BioSpace: Using space-enabled remote sensing to deliver long term sustainable growth of biopesticide use

Lead Research Organisation: CAB International
Department Name: Egham Office

Abstract

Pests and diseases cause significant losses of crops around the world and is a significant threat to food security. In China the migratory locust affects over 2 million hectares of agricultural land, while in Laos the yellow spined bamboo locust which is widespread across the 9 districts of Norther Laos and damaged over 5,000 hectares of crops in 2019. A new invasive pest, the Fall Army Worm is becoming prevalent in Southeast Asia and China. It has been found in 22 provinces in China and affected 35,000 hectares of maize in Laos. Experience from Africa shows it can cause almost total crop losses. Managing the damage from pests can be difficult due to lack of detailed information on where risks to crops are greatest, use of inappropriate or ineffective control measures, and build of resistance in pest populations to chemical pesticides. In addition overuse of chemical pesticides causes environmental damage in the form of loss of biodiversity and through chemical residues left in the environment, particularly in waterways. In this project we will use Earth observation and meteorological data to provide information that will help farmers and agricultural authorities manage pest risk more sustainably. Using Earth observation imagery we will prepare risk maps that identify habitats where locusts and fall armyworm are most likely to establish populations. Using satellite data on surface temperature we will develop and run models that predict i) the growth of insect populations and ii) the effectiveness of biological control methods. The models will provide information to help preparedness and to guide the timing of application of biopesticides. The project will build upon work already undertaken in North-East China and apply it in the Southern Chinese province of Hainan, and in Laos. We will provide risk base maps and information products that help chose the method and timing of interventions. We will work with agricultural management authorities in China and Laos, providing training in the use of the information.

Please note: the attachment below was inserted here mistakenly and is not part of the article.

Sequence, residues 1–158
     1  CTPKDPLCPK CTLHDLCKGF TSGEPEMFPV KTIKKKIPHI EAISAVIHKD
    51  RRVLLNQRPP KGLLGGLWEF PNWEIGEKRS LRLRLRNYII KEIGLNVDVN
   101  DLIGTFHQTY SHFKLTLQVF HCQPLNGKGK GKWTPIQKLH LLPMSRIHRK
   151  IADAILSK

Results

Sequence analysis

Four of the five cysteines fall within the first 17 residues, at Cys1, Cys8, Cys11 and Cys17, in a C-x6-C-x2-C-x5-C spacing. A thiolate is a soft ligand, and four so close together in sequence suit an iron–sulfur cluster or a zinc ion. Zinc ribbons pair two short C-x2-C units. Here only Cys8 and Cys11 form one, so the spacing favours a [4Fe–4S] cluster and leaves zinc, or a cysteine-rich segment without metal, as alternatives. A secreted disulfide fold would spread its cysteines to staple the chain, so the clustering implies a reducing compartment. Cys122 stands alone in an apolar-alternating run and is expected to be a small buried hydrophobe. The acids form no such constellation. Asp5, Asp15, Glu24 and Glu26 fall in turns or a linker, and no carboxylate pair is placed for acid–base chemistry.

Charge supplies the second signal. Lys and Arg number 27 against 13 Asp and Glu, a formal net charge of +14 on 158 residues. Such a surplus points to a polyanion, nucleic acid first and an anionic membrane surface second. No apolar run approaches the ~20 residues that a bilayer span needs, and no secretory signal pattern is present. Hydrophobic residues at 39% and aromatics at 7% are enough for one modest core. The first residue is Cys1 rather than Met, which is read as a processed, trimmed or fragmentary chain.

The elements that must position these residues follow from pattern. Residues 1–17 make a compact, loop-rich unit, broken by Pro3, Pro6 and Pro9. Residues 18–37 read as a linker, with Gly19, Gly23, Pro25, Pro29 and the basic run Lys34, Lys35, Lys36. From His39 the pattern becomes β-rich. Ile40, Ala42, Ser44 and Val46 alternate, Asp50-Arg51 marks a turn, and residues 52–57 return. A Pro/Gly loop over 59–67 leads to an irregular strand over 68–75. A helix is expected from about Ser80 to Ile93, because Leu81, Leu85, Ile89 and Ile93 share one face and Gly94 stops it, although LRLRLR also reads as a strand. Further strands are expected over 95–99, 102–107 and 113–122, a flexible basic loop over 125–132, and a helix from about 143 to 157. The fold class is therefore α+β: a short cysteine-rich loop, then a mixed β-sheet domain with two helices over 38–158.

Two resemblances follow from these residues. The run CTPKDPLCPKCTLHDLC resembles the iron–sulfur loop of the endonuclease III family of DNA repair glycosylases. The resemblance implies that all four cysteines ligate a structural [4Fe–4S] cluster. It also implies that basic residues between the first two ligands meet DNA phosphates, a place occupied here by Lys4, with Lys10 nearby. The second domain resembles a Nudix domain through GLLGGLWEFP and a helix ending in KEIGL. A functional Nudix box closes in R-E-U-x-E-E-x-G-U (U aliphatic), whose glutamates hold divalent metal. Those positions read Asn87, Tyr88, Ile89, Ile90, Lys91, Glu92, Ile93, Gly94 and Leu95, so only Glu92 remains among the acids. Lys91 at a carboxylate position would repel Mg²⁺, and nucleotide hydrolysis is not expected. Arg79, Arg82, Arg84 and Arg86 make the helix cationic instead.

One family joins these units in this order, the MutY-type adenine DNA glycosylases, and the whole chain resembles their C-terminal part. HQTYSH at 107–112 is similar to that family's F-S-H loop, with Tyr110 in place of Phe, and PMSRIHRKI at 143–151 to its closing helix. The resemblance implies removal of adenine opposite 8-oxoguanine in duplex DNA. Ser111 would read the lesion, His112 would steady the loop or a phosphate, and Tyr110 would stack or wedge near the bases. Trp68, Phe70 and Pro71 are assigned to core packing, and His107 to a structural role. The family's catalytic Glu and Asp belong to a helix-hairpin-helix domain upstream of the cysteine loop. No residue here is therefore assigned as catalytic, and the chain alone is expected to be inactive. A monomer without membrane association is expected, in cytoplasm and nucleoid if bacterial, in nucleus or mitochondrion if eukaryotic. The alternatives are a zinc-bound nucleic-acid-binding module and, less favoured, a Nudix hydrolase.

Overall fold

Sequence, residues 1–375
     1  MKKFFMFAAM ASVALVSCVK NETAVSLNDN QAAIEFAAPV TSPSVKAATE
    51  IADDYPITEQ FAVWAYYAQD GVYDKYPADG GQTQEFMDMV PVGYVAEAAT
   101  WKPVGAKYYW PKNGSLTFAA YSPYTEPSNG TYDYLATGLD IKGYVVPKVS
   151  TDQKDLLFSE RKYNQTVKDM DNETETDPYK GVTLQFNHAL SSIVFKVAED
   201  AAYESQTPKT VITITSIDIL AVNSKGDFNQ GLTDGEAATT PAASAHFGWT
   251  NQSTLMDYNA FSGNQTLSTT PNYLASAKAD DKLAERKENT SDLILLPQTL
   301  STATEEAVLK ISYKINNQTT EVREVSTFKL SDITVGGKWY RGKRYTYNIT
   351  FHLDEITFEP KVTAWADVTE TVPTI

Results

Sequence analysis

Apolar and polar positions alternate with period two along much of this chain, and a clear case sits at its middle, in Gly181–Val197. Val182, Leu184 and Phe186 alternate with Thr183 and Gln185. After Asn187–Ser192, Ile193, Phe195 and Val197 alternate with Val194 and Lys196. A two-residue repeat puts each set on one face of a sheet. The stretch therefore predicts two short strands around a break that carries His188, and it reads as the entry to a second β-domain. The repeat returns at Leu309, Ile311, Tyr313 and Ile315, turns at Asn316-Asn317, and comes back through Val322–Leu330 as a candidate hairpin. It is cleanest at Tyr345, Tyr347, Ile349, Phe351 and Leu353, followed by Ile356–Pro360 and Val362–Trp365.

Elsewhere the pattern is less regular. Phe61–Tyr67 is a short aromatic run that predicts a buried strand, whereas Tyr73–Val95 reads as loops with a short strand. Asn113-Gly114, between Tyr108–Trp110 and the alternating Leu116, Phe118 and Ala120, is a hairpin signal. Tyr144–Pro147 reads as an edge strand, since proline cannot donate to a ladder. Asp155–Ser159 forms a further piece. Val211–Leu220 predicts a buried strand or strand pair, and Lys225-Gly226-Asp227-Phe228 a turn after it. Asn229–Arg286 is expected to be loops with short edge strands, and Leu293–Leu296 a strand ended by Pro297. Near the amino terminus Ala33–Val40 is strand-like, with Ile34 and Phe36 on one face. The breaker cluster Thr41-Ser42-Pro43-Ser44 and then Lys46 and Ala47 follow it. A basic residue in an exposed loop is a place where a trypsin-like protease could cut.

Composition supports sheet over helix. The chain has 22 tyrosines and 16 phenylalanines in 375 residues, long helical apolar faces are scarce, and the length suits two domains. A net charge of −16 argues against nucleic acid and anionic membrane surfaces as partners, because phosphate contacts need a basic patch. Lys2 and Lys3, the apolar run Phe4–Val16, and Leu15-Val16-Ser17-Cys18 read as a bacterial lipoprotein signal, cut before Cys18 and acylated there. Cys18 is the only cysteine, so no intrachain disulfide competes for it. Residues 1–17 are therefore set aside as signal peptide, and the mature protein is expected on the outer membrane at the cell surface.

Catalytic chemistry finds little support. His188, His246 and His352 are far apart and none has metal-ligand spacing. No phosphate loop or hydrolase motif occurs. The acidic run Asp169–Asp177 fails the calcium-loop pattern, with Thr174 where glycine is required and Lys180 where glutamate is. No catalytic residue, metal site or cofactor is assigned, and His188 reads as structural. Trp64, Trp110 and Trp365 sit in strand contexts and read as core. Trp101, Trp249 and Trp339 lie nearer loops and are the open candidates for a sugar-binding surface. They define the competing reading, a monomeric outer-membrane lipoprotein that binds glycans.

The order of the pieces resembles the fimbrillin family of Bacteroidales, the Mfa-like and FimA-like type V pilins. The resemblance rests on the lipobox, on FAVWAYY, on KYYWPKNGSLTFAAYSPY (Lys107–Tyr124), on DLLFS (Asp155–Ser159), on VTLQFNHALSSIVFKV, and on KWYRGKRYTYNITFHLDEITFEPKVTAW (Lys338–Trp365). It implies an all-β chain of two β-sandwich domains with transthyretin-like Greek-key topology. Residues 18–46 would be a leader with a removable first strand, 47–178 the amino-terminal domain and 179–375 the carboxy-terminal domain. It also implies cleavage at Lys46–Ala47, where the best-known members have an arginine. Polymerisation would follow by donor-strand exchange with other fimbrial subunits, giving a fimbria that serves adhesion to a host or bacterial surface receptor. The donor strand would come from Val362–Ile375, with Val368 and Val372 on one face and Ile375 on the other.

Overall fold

Planned Impact

The ultimate aim of this project is twofold: 1. to reduce hunger by promoting sustainable and resilient agriculture and 2. promote sustainable production and consumption by promoting biopesticides and sound management of chemical pesticides. The main benefactors of these aims is ultimately the farmers/subsistence farmers in China and Laos. By developing models that predict the risk of pest attack, in this case FAW and YSBL, early detection and control can take place. This has two outputs 1. resources, i.e. extension works, spray equipment and pesticides, can be sent to the high alert regions and 2. for locusts, if detected early enough, biopesticides can be applied reducing the chemical pesticide inputs and hence resulting in less environmental damage and reducing residues in food, which benefits consumers by enhancing the quality of life, health and well being. Farmers would be able to sell better quality crops enhancing the quality of their lives.
The Chinese Government will also benefit from this research by getting access to pest risk reports produced by RADI. These reports will help to enhance local, regional, national bodies of the government to help decide when to target pest control and help NATESC to be more effective in their challenging role to control many different pests throughout China.
NATESC, and potentially other locust control bodies in Laos, will benefit from the Biopesticide App. The app will inform the user if there is time for a biopesticide to control locusts before they reach adults (which is when they fly to crops and cause most damage). this helps to reduce the amount of chemical pesticides applied.
Through a presentation at the NATESC yearly national locust control conference it is envisaged that it will encourage the update of biopesticides throughout the many NATESC locations. Currently we are working with one NATESC branch however by talking at their national conference we can promote biopesticide use and the biopesticide app to a far wider audience. This will contribute to environmental sustainability.
With the development of the biopesticide app in China it is hoped that a commercial product may be developed to sell internationally. This could benefit Australia, many countries in Africa, Asia and the America's that experience locust outbreaks while also impacting on the success of the commercial company.

Publications

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